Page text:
On 11th May 2018, Sean Conway arrived in the town of Ufa in Russia, breaking the world record for an unsupported crossing of Europe by bicycle. The 3500 mile journey, from Cabo de Roca on the Atlantic coast of Portugal to Ufa in the foothills of the Ural Mountains, took 24 days 18 hours and 39 minutes, beating the previous record by some 9 hours.
His ride was self-supported, meaning that he had no accompanying person to help organise food, water, accommodation or logistical help,
Known as the Big Bearded Adventurer, Sean lost just a few kilos in weight (going from 68kg to 64 or 65kg), but his beard grew a centimetre.
Images courtesy Gavin Kaps of osprey imagery.
How did it go?
I split the journey into 1000 mile chunks and the first 1000 was really, really tough. There was an issue at the start, which didn't go that well, and I was sore all over to begin with. But later I found my rhythm and things went better, as my body adjusted to the demands. Generally it was a still ride, and in the Ukraine I even had a small tailwind for a couple of days. But then, for the last 1100 miles, almost from the moment I arrived in Russia, I hit a headwind of 15-20mph. At one point I was 26 hours ahead of the previous record, but then with the wind and the bad roads with no hard shoulder, constantly worrying about being run over - I had to stop to let trucks past about every three minutes - the lead was eventually reduced to just nine hours.
Did you get your training and planning right?
I was on fitness to break the record, but I didn’t leave myself much room for error. If I had had a proper mechanical - a spoke break or a tyre wall split - even in the last 500 miles - that could have been the end of it. But could I have been fitter? Unfortunately the weather over the winter in the UK, with the snow and the storms, meant that I had to do so many indoor sessions that yes, basically I was a little under-powered. Normally I would happily ride a 5% gradient at 8 mph, but here I was down to 5 mph and I didn’t feel that I had the power in my legs. So towards the end of the attempt, I lost power when going into the hills
My strategy at the start – to start in the evening with the intention of cycling through the night, covering around 220 miles in the first 24 hours, turned out to be a bad one. The idea was good, but I arrived at the start tired after a difficult journey and by the end of 24 hours I was all over the place.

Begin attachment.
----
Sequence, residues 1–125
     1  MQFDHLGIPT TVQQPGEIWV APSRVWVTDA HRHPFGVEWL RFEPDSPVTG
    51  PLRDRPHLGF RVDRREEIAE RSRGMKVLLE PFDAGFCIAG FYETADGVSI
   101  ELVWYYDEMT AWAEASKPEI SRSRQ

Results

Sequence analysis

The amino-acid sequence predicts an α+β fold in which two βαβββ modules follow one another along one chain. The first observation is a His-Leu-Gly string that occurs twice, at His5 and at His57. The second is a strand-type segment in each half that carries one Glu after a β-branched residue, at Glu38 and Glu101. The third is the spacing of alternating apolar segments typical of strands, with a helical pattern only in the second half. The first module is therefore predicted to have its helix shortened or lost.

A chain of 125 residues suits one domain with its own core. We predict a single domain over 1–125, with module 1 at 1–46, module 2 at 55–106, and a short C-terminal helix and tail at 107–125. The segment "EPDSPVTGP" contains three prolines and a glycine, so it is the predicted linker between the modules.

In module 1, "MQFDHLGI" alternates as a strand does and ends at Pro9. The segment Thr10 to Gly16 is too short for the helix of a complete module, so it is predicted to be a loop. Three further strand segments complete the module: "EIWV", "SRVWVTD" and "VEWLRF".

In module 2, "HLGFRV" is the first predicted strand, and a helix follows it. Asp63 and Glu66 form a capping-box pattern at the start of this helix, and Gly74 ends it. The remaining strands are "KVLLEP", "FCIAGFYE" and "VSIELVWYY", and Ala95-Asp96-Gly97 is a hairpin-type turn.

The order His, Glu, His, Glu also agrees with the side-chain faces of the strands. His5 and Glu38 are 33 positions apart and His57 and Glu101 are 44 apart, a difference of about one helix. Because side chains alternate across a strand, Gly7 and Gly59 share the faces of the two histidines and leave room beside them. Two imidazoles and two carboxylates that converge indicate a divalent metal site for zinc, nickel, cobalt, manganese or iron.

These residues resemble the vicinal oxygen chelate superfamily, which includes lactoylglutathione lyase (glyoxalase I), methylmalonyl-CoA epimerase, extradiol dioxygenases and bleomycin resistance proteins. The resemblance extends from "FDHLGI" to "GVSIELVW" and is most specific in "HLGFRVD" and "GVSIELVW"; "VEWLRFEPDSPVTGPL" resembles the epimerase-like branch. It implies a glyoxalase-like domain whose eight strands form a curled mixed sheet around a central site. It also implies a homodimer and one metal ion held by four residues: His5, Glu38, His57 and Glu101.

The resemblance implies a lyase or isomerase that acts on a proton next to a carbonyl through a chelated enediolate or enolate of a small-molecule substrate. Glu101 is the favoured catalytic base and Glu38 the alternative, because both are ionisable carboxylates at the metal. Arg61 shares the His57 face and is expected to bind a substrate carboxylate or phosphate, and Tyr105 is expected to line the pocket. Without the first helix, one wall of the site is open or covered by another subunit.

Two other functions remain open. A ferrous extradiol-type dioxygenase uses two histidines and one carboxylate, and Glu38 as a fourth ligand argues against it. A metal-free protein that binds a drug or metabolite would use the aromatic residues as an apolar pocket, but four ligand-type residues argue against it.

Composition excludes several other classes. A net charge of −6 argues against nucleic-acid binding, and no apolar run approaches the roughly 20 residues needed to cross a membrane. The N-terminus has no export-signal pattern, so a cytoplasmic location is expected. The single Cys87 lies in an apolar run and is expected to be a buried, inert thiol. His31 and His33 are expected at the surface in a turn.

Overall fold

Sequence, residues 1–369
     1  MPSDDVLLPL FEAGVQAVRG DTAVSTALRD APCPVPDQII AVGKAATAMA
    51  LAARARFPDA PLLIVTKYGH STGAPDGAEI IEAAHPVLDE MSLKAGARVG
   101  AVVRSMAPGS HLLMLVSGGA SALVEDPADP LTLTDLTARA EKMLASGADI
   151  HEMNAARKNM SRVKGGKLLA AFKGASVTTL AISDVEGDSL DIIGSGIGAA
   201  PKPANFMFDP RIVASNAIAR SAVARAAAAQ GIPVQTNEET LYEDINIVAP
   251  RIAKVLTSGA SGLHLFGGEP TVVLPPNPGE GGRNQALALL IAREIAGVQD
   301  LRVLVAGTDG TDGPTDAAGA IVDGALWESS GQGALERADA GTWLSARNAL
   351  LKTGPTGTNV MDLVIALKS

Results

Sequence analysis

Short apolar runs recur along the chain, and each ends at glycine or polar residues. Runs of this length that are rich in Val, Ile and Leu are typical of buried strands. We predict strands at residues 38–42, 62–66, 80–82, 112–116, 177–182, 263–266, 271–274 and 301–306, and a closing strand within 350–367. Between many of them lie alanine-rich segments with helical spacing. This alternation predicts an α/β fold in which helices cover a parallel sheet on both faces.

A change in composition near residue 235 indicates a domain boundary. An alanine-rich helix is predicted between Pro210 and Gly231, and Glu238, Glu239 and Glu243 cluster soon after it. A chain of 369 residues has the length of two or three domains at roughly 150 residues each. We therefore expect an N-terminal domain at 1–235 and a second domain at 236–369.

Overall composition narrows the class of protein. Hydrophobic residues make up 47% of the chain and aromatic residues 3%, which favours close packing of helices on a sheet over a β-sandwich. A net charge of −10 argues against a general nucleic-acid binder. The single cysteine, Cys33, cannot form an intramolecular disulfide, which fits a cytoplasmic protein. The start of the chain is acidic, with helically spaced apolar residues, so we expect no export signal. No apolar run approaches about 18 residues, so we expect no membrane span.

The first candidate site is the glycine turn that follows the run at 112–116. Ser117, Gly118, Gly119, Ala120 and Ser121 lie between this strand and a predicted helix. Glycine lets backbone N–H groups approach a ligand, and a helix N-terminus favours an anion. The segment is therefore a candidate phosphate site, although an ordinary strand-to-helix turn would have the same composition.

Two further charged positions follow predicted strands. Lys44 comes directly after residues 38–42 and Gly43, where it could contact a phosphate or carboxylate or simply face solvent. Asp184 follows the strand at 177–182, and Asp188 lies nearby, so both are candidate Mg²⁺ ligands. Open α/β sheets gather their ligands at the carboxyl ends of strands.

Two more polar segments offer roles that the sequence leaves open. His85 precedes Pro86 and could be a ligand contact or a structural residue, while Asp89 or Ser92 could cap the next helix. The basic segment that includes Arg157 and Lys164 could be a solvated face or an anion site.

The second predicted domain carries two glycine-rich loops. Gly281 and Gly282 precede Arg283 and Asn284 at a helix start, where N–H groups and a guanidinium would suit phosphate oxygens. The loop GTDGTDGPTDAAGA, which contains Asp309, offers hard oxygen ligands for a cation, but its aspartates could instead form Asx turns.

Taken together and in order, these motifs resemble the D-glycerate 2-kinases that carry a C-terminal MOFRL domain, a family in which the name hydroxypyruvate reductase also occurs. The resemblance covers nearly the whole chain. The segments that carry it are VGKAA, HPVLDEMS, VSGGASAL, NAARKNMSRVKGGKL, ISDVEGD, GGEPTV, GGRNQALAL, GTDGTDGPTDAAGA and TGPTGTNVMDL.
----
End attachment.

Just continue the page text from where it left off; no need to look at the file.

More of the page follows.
I was glad that I did the ride in April and May though. It wasn’t too hot - which means finding and drinking perhaps an extra 2 litres per day - and it wasn’t too cold at night, which means you have to take the heavier sleeping bag. It was 5-6 degrees at night and so I had the summer sleeping bag and the right clothing.
And the decision to go from west to east was probably a good one too, though if I had been fitter it might have been better to have gone the other way around. It would have been easier to make up the lost time.
One thing I could have done differently was to adopt a more aggressive position on the bike. It would have helped with aerodynamics and posture. And it would have enabled me to put down more power.
How was it physically?
For the first 1000 miles everything hurt, my neck, knees and ankles, and it felt as though my cleats were swivelling in the pedals. It was probably the result of stress hormones and inflammation as the body went into shock at what I was asking of it. Those roadside crash barriers come in useful for massaging your thighs, though.
After the first 1000, I felt more robust and my body adapted as it became accustomed to what was asked of it. My legs felt more piston-like and I didn’t have to stretch so much (I began to do this on the downhills, by hooking a foot back over the saddle).
Were your strategies right during the event?